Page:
Mercury is considered a toxic substance and is banned in Europe and many other countries. According to Mark Hartwig of Safety-Kleen, Columbia, S.C., an environmental services company that collects, processes, recycles and disposes of hazardous and nonhazardous waste: "Mercury has been used in our society without us even knowing." Some examples would be the preparation of felt hats where mercury was used in the brim, hence the phrase "mad as a hatter." It also was used in controlling mildew in paints that were applied to our houses and office environments and in weed killers.
Mercury is so dangerous that when a person comes in contact with it, it can cause nervous system disorders and kidney damage. It also can impair vision, speech, hearing and coordination. Mercury can make its way into daily life if it is not properly disposed. A prime example is if mercury is incinerated improperly, it will make its way through the air and through rain or snow. Then, it descends into the lakes and settles in the lake bottom in the mud or sand. After it settles in the mud, it gets into the algae, which is eaten by small fish. Those are eaten by large fish, which are ingested by humans. This is known as mercury food chain dynamics.
The subject of reducing mercury and mercury products is a serious issue in North America. It is so serious that the last U.S. mercury mine was closed in 1990. Today, mercury is imported into the United States to be used in batteries, mercury and fluorescent lamps, dental amalgams, measuring instruments, thermostats and electrical control equipment.
Industrial use of mercury is getting a second look by some manufacturers. According to a white paper presented to Congress by the Environmental Protection Agency (EPA), "Data from the Mercury Study indicate that industrial manufacturers are shifting away from mercury use. As a result, domestic demand for mercury decreased more than 75 percent between 1988 and 1996. The EPA believes this shift is largely a result of federal bans on mercury additives in paint and pesticides; industry efforts to reduce mercury in batteries; increasing state regulation of mercury emissions and mercury in products; and state-mandated recycling programs."
In addition, according to a U.S. Geological Survey performed in 1997, "Industrial manufacturers who use mercury are shifting away from its use except where mercury is considered essential." The survey also states "mercury consumption in the categories of electrical and electronic uses and instruments and related products is still growing and is expected to grow due to the increase in the manufacture of computers and other electrical equipment."
Given all these concerns, it would seem prudent to have a two-pronged approach toward mercury-containing equipment in industrial applications. Where possible, consider replacing mercury-containing devices, including mercury relays, with suitable products that do not contain mercury. If mercury-containing devices are replaced -- whether with mercury-free or mercury-containing devices -- the processor must find a proper way to dispose of them.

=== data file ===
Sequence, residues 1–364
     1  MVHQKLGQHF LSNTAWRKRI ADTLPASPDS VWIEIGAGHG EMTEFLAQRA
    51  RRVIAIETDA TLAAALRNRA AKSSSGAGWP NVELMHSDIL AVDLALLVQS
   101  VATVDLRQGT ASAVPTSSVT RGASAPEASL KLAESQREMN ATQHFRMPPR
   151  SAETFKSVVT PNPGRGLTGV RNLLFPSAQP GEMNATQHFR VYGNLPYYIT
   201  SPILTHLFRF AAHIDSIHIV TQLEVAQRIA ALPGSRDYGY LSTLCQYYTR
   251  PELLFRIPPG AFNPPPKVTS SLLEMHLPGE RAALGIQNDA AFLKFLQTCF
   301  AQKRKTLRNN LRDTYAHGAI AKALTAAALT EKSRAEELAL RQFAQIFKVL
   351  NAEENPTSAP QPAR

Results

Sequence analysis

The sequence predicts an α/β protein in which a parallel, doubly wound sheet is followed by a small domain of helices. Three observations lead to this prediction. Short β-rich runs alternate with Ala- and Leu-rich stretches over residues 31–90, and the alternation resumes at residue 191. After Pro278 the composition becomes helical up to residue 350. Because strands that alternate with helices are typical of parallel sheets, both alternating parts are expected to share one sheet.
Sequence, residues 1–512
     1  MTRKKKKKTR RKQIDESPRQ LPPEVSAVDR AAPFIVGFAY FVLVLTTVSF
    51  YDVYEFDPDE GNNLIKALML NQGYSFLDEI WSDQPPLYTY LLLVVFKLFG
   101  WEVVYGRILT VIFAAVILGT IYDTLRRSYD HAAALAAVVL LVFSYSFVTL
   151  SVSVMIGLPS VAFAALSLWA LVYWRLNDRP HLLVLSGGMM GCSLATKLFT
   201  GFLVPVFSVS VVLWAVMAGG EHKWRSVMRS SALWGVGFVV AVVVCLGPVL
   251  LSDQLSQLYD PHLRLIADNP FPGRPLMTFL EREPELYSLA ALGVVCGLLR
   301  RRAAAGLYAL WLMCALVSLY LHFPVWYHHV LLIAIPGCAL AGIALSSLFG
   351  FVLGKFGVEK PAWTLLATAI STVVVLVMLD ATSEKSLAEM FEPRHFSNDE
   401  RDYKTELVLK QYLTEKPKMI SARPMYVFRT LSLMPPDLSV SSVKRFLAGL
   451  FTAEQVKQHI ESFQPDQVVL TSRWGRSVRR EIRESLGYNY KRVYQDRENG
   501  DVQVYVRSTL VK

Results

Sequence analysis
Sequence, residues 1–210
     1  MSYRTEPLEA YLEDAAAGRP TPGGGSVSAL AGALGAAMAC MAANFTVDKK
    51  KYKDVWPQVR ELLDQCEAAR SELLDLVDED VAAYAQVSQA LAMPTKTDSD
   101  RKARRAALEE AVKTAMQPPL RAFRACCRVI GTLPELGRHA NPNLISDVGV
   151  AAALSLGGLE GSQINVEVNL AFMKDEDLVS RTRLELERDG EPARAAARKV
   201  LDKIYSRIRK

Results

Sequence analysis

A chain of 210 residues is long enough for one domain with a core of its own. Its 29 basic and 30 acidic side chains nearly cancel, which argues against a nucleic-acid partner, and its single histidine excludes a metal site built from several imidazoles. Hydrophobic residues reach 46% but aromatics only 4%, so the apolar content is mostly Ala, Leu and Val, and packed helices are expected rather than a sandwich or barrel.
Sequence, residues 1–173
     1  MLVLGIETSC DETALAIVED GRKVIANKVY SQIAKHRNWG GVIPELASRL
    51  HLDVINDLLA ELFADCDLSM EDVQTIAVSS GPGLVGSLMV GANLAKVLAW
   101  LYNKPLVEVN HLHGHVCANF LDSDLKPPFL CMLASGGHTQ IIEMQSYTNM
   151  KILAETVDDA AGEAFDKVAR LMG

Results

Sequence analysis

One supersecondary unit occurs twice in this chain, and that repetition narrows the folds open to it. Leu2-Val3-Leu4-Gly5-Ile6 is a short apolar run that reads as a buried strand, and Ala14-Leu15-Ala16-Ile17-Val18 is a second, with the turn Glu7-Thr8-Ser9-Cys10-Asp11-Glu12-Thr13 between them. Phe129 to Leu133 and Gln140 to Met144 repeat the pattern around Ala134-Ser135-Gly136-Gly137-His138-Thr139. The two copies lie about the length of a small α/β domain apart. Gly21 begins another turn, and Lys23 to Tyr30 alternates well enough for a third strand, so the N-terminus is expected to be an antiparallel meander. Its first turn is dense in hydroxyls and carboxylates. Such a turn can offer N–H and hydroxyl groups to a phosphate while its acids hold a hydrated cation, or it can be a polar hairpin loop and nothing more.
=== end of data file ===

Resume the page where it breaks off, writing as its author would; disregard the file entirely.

Solid-State DevicesA solid-state relay's internal components consist of electronic circuitry rather than mercury. This feature provides two benefits: a mercury-free device and the risk for failure is greatly reduced compared to mercury relays. There also are no disposal concerns if solid-state relays fail.
The internal workings of a solid-state relay consist of electronic components such as triacs and photocouplers, which means there are no moving parts that could contribute to product failure. Mercury relays contain moving parts that can lead to mechanical failure and can possibly fail in normally closed position, possibly causing harm to the equipment. Both products are silent in operation and can withstand high cycle operations. But, the solid-state relay consumes less power than the mercury relay, is smaller than the mercury relay and can be mounted on a DIN rail.
Along with concerns of its contents, one needs to be aware of which countries -- including Japan and many European countries -- will not accept products that contain mercury. In those countries that do not allow mercury, the onus is on the equipment manufacturer to find a suitable replacement that will possess the same or better operating characteristics than the mercury device. Solid-state relays do not violate any EPA guidelines or regulations and may outperform mercury relays. In addition, solid-state relays are compatible with other industrial control components.
Many applications today require programmable logic controllers (PLCs). The growth of integrated process control is reducing the need for mechanical relays and driving the use of solid-state. In PLC applications, solid-state relays provide switching speed, frequency, DC input and lower power consumption than electromechanical and mercury relays. In many applications, 24 DC voltage is becoming more common in industrial applications for circuit control voltage because OEMs do not wish to provide a separate power source to run indicator lights and other control components. The switching speed and DC input features provided by solid-state relays allows OEMs to avoid needing a separate power source.
SIDEBAR: Disposal Concerns Start with One RelayWhen working with mercury relays, one needs to be concerned with disposing of the relay because of its mercury contents. Disposal can be a drawn out process if the proper channels are not followed. If a mercury relay is not disposed of properly, fines can be issued from local governmental officials as well as the EPA.
On an average, each pole of a 35 A mercury relay contains about 251.6 g. According to the EPA, this amount would be considered Low Mercury Subcategory. But if two- and three-pole units are being used, they would be classified in the High Mercury Inorganic subcategory. Both subcategories need to be disposed of properly no matter what their status.